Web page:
• while the national average for new-born babies with spinal deformities is 1 in 6,000, the statistics for La Hague are 1 in 600.

  • the steel and concrete structures housing the facilities and reprocessing equipment have weakened and corroded under the stress and strain of radioactive bombardment. To top it all off, the management had failed to carry out the minimum replacement of old equipment indirectly involved in the plutonium processing.

The film also points out that the workers at La Hague characterize themselves as kamikazes, the Japanese suicide pilots of World War II. Eight cases of leukemia have been reported amongst the workers; three of those workers have already died. The above-average unemployment figures of La Hague and the virtual certainty of unemployment for any worker who would dare to leave the area has played its backhand role in forcing the local inhabitants into job slots at the plant.

THE SIGNIFICANCE OF THE STRIKE

The strike at La Hague was one of the first European examples of workers’ opposition to the nuclear project at an indispensable link in the production chain; the processing of fast breeder fuel without which the first generation of nuclear reactors cannot operate on a long-term basis due to the resulting scarcity and costliness of plutonium (not to mention politically derived restrictions on its export by possessor nations).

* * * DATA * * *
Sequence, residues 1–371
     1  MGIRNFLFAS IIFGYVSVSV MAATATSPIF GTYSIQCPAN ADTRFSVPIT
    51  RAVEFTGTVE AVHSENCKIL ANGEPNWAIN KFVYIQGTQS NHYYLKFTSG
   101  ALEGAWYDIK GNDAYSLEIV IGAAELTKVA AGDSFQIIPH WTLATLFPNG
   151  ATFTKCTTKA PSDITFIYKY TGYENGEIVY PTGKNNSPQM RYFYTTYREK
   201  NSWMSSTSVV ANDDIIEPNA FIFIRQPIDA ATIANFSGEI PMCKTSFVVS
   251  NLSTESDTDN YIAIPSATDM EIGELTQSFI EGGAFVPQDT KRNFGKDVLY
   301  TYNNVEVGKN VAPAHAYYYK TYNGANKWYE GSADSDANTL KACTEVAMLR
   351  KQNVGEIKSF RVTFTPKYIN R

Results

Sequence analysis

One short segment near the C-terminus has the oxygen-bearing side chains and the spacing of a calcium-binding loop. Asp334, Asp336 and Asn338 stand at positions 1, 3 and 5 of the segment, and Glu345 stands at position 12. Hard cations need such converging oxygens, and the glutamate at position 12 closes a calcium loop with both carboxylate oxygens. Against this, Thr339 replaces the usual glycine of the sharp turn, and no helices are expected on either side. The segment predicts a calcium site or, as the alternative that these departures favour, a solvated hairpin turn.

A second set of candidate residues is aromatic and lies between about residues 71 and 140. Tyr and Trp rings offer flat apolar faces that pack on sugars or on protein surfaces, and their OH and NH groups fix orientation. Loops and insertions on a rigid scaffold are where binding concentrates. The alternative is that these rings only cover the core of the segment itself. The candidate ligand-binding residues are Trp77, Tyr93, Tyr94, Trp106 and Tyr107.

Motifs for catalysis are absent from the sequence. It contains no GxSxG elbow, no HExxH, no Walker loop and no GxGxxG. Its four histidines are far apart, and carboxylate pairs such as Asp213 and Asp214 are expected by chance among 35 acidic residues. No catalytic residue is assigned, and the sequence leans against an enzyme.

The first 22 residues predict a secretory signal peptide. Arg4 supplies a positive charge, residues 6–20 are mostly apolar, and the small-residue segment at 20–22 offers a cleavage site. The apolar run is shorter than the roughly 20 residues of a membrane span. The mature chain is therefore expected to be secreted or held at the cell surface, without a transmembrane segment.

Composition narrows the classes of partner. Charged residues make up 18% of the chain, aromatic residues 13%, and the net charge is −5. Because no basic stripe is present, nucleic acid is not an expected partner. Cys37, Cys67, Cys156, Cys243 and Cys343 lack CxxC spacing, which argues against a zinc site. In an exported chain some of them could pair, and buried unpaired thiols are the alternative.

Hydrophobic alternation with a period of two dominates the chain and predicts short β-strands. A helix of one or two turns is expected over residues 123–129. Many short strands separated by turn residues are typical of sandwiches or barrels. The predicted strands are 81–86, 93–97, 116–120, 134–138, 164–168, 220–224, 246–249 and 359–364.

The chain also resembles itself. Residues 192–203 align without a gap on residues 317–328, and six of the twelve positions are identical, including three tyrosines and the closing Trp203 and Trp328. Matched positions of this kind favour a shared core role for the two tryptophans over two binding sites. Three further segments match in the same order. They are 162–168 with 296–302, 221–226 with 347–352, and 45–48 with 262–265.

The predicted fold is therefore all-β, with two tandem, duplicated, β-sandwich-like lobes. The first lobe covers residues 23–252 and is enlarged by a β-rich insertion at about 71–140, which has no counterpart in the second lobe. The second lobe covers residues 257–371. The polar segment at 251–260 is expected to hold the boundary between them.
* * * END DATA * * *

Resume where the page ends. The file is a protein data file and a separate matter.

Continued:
During the strike workers got together with local inhabitants. Collective demonstrations, public information meetings and exhibitions were organized. The question of pollution in general and radioactivity specifically were discussed both in terms of the latter’s effects on workers in nuclear plants and on inhabitants in areas where atomic and reprocessing plants are located.

For the first time since the opening of the plant people engaged in a public inter-personal discussion over the immediate and long-range effects and the social consequences of the La Hague plant.

Despite assurances by management and the government and a security system that included a complete wardrobe of padded suits, insulated boots and oxygen masks, not to mention a small army of semi-automated robots, “glove boxes,” glass cages, complicated dressing and undressing procedures, automatic sensing devices, special radioactivity detention teams, etc. ad nauseum and ad absurdum, the nuclear workers at La Hague were in no way able to escape radioactive exposure and its deadly consequences.

On the basis of the events at La Hague alone it is more than reasonable to assume that opposition on the part of workers who have to handle power plant radioactive materials—for storage or reprocessing can only quantitatively and qualitatively increase as the nuclear industry further develops throughout the world.